Added on Oct 22nd, 2015 and marked as spam spamassassin

In a previous post I explained how to setup Amavis, ClamAV and SpamAssassin. In this post I will describe how to customize the SpamAssassin thresholds in order to better block spam messages.

If you followed my SpamAssassin setup the SpamAssassin thresholds are defined in the file /etc/amavis/conf.d/20-debian_defaults. Below are the relevant settings to control the thresholds:

Flag Description
$sa_tag_level_deflt The threshold at which amavisd will add a header to the mail to show the spam score.
$sa_tag2_level_deflt The threshold at which amavisd will add the value of $sa_spam_subject_tag to the mail’s subject (by default ***SPAM***).
$sa_kill_level_deflt The threshold at which amavisd will execute the action described by $final_spam_destiny (possible options are: REJECT, BOUNCE, DISCARD and PASS).

In the end, the only threshold I’m really interested in is $sa_kill_level_deflt. But how do you find the value of this level?

By default it is set at 6.31 (at least in my case), but is this really the value that blocks the most spam and still passes legit (i.e. non-spam) messages? It’s time to find out and in order to do this we’re going to need $sa_tag2_level_deflt.

Any message with a score above this threshold is supposed to get a mail header with some information to use for analysis. During my experiments I was not able to get this to work (I probably had some other setting messing things up). However, the relevant information was also added to the log file (/var/log/mail.log). For every message (spam and legit) not only the spam score is shown, but also what amavis did with the message: Passed CLEAN, Passed SPAMMY and Blocked SPAM.

By choosing a relatively large value for $sa_kill_level_deflt (lets say 10) and a low value for $sa_tag2_level_deflt (lets pick 0) a large group of messages will be marked as Passed SPAMMY. A lot of these messages clearly will be spam messages. Now you can use the information from the log file to figure out a new upper threshold: you will notice that no legit message exceeds a certain spam score. You have found your new value for $sa_kill_level_deflt!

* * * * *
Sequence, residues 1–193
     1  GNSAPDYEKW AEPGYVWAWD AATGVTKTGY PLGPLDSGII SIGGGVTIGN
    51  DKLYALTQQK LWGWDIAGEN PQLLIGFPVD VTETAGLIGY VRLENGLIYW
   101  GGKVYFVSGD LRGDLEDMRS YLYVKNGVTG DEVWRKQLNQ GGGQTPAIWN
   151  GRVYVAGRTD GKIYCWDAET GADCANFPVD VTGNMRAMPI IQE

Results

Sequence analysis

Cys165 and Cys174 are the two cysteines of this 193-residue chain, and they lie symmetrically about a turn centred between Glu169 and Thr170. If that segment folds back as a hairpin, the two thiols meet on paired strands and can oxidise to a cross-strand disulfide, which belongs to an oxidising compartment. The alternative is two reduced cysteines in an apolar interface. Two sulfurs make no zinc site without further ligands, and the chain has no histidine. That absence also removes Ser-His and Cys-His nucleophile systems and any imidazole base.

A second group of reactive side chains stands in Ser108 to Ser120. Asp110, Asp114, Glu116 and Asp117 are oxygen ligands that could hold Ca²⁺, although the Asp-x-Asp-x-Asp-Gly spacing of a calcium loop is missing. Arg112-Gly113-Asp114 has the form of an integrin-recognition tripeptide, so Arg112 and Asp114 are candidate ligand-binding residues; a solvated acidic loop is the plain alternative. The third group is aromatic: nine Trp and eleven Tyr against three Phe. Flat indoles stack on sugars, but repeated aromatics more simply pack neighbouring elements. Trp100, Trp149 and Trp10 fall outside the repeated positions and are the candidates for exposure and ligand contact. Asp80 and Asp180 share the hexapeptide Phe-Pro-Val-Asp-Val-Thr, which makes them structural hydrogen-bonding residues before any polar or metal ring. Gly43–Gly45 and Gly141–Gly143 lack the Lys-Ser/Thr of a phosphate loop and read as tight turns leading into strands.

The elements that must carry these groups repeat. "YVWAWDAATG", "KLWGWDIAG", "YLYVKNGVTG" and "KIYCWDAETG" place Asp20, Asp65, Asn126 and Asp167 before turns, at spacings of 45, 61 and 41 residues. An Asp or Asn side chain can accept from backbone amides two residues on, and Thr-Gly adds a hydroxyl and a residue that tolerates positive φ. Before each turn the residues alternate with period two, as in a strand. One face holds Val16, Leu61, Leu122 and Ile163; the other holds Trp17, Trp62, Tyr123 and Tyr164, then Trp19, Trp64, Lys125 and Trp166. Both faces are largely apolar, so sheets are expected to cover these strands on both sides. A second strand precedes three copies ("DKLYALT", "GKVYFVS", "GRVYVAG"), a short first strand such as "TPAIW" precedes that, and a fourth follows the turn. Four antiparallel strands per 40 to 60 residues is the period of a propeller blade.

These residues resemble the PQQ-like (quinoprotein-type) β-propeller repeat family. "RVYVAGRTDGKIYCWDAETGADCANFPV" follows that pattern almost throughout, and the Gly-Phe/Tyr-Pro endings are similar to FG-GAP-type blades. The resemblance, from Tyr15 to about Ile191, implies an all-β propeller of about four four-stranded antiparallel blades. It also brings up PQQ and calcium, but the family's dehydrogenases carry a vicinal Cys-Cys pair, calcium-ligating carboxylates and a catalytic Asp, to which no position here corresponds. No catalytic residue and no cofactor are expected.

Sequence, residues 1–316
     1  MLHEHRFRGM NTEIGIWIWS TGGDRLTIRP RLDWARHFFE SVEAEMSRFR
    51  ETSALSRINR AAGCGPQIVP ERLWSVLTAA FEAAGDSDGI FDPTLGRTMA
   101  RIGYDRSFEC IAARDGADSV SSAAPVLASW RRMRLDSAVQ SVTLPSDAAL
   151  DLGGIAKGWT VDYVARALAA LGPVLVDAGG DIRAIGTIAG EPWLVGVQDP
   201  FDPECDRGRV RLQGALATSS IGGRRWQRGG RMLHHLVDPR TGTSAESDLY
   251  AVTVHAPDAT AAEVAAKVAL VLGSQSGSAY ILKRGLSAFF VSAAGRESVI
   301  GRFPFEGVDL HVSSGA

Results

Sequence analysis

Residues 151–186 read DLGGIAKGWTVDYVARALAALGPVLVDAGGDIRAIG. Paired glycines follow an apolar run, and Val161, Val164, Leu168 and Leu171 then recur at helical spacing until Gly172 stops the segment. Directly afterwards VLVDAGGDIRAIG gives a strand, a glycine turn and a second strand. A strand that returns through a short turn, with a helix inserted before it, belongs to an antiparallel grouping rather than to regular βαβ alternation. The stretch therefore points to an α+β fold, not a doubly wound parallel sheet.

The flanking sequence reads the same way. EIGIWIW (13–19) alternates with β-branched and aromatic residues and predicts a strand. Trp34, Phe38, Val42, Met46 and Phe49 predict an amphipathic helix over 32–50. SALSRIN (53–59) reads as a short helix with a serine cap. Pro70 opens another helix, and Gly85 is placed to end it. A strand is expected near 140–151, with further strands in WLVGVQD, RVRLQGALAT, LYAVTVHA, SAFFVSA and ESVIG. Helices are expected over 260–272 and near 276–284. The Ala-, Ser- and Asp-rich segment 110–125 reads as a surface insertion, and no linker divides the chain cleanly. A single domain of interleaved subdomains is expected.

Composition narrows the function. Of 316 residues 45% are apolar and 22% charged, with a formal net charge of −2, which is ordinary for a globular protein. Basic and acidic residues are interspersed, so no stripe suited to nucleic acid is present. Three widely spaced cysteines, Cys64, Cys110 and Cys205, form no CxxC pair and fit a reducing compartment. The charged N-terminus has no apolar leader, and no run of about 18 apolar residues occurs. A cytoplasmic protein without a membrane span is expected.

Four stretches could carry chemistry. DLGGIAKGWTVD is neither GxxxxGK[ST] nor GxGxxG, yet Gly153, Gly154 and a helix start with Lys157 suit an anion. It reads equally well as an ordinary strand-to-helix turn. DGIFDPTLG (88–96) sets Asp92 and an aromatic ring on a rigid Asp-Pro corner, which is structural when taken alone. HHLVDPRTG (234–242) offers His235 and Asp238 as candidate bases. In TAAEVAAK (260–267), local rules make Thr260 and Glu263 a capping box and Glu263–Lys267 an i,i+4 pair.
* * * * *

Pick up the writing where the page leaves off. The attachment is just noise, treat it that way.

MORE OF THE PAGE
The same can be done for the lower threshold. There is a certain minimum score for obvious spam messages. This value can be used for $sa_tag2_level_deflt. (Note that this has no effect on the number of messages being blocked. It just indicates that anything below this limit is considered non-spam.)

Currently I’m using these values:

$sa_tag_level_deflt  = 0.0;
$sa_tag2_level_deflt = 0.5;
$sa_kill_level_deflt = 2.0;

This will block most of the obvious spam without rejecting (too much) legit messages. It still can happen that a normal message exceeds my limit of 2.0 and therefore will be blocked. During my experiments this did not happen often and is probably a sign of some misconfiguration on the sender’s side. My guess is that they probably will experience problems in sending mail often (or at least delivering it to the recipient).

Anything below 0.5 is considered clean. Most major players (Gmail, Hotmail, Mailchimp etc.) have excellent scores (far far below zero) and therefore these will always be delivered. Some spam messages have scores just above or even below zero and will also pass the filter. This is something I take for granted.

The problem area is the twilight zone between 0.5 and 2.0. For some reason too many legit messages look kind of spammy (no subject line, only images or videos, all caps, misconfigured server, …) and there is no foolproof way for a non-human to distinguish them from the spam messages that succeed in hiding their spammy intentions. By narrowing down this range you will receive less spam, but potentially miss certain legit messages. Using trial and error will give result in values that are acceptable for you.